Document Type

Article

Publication Date

2011

Abstract

Background: Malaria elimination will require that both symptomatic- and asymptomatic-infected persons be identified and treated. However, well-characterized, individual-level risk factors for malaria may not be valid in regions with declining malaria transmission. Changes in individual-level correlates of malaria infection were evaluated over three years in a region of declining malaria transmission in southern Zambia. Methods. Malaria surveys were conducted in two study areas within the catchment area of Macha Hospital, Zambia in 2007 and 2008/2009. A random sample of households was identified from a digitized satellite image of the study areas. Cross-sectional surveys were conducted approximately five times throughout the year in each of the two study areas. During study visits, adults and caretakers of children were administered questionnaires and a blood sample was obtained for a rapid diagnostic test (RDT) for malaria. Results: In the 2007 study area, 330 individuals were surveyed. 40.9% of participants lived in a household with at least one insecticide-treated bed net (ITN); however, only 45.2% reported sleeping under the ITN. 23.9% of participants were RDT positive. Correlates of RDT positivity included younger age, the presence of symptoms, testing during the rainy season, using an open water source, and not sleeping under an ITN. In the 2008 study area, 435 individuals were surveyed. 77.0% of participants lived in a household with at least one ITN; however, only 56.4% reported sleeping under the ITN. 8.1% of participants were RDT positive. RDT positivity was negatively correlated with the presence of symptoms within the last two weeks but positively correlated with documented fever. In 2009, 716 individuals were surveyed in the same area as 2008. 63.7% of participants lived in a household with at least one ITN; however, only 57.7% reported sleeping under the ITN. 1.5% of participants were RDT positive. Only self-reported fever was significantly correlated with RDT positivity. Conclusions: With declining malaria prevalence, few individual-level characteristics were correlated with RDT positivity. This lack of correlation with individual characteristics hampers identification of individuals infected with malaria. Strategies based on ecological or environmental risk factors may be needed to target control efforts and achieve further reductions and elimination.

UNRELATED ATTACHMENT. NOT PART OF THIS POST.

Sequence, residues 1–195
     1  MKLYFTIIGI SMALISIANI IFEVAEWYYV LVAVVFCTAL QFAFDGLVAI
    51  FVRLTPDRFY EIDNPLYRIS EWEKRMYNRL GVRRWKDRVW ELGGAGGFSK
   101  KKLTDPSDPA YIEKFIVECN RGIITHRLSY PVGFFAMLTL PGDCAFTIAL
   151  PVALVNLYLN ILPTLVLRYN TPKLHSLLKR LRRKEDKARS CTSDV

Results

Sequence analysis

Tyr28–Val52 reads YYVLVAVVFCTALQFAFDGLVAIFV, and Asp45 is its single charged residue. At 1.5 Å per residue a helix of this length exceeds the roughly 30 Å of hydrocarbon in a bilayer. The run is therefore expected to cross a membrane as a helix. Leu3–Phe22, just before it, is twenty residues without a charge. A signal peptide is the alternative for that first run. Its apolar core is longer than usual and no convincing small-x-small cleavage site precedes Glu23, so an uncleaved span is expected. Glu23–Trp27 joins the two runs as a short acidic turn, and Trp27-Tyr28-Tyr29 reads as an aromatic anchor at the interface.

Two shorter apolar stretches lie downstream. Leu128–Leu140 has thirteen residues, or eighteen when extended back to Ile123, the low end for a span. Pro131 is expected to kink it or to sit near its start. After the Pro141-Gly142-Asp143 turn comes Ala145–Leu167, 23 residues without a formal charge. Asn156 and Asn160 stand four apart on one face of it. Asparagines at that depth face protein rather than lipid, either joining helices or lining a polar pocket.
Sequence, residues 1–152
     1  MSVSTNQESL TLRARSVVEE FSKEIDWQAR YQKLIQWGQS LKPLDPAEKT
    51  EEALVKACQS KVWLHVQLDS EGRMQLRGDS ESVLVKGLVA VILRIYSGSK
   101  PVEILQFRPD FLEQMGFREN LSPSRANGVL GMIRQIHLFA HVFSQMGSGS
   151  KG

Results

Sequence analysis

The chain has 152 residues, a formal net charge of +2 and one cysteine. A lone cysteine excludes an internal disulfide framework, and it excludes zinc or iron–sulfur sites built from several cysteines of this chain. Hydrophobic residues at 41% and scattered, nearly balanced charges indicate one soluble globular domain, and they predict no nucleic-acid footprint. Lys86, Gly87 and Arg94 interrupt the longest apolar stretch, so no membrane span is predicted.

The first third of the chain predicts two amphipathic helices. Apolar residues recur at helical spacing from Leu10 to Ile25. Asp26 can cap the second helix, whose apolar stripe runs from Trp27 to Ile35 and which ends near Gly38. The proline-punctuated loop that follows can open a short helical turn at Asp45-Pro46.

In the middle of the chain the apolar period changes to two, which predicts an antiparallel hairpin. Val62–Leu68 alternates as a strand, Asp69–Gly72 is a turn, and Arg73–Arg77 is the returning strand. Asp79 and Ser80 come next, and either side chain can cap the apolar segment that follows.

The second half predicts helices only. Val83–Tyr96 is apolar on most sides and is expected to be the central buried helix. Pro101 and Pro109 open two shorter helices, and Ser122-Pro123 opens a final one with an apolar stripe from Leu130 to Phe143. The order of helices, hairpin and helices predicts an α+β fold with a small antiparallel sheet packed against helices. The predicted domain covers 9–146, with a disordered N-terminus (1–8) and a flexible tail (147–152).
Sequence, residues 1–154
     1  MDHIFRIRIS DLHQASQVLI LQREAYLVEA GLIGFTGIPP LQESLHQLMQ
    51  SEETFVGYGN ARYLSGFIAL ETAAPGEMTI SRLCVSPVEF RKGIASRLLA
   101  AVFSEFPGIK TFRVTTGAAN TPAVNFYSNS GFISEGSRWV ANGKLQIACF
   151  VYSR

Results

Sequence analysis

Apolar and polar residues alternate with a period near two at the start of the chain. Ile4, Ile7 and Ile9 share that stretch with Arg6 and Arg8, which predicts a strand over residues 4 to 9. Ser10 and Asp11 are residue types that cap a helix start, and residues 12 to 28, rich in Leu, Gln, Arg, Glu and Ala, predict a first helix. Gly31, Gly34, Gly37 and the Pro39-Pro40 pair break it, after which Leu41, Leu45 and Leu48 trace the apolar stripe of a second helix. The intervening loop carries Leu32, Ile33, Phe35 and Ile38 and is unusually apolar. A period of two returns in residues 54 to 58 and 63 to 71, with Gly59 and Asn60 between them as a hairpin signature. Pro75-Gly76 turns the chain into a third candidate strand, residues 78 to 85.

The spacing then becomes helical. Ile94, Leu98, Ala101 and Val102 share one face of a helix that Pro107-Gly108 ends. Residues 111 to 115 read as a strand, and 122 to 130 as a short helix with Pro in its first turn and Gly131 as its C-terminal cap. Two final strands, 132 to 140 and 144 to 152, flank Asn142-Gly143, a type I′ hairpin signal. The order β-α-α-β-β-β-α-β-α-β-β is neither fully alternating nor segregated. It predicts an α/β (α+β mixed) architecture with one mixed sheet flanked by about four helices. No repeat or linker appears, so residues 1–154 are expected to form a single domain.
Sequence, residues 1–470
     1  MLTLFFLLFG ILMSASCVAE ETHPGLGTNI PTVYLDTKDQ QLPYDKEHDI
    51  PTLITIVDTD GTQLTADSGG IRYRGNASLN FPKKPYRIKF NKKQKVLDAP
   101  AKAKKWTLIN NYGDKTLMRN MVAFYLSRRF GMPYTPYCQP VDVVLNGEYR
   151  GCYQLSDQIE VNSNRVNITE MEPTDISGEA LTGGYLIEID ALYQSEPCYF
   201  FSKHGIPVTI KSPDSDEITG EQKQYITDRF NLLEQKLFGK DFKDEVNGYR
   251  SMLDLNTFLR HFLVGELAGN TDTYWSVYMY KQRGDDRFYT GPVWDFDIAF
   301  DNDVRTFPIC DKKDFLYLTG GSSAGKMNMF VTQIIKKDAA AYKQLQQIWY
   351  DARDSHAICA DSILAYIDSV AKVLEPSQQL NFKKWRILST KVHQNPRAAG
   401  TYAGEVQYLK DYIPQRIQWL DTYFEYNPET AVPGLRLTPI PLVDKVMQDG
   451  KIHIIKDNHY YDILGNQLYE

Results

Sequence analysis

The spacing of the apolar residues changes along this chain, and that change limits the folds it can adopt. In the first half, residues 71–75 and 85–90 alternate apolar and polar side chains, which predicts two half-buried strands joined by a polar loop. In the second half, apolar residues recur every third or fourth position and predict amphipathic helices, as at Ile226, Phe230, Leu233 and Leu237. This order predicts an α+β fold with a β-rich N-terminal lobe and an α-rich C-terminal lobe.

Comments

Sutcliffe, C., et al. (2011). Changing individual-level risk factors for malaria with declining transmission in southern Zambia: A cross-sectional study. Malaria Journal 10 Article 324.

© 2011 the authors. Published under Creative Commons Attribution Non-Commercial License. Original published version available at https://doi.org/10.1186/1475-2875-10-324.

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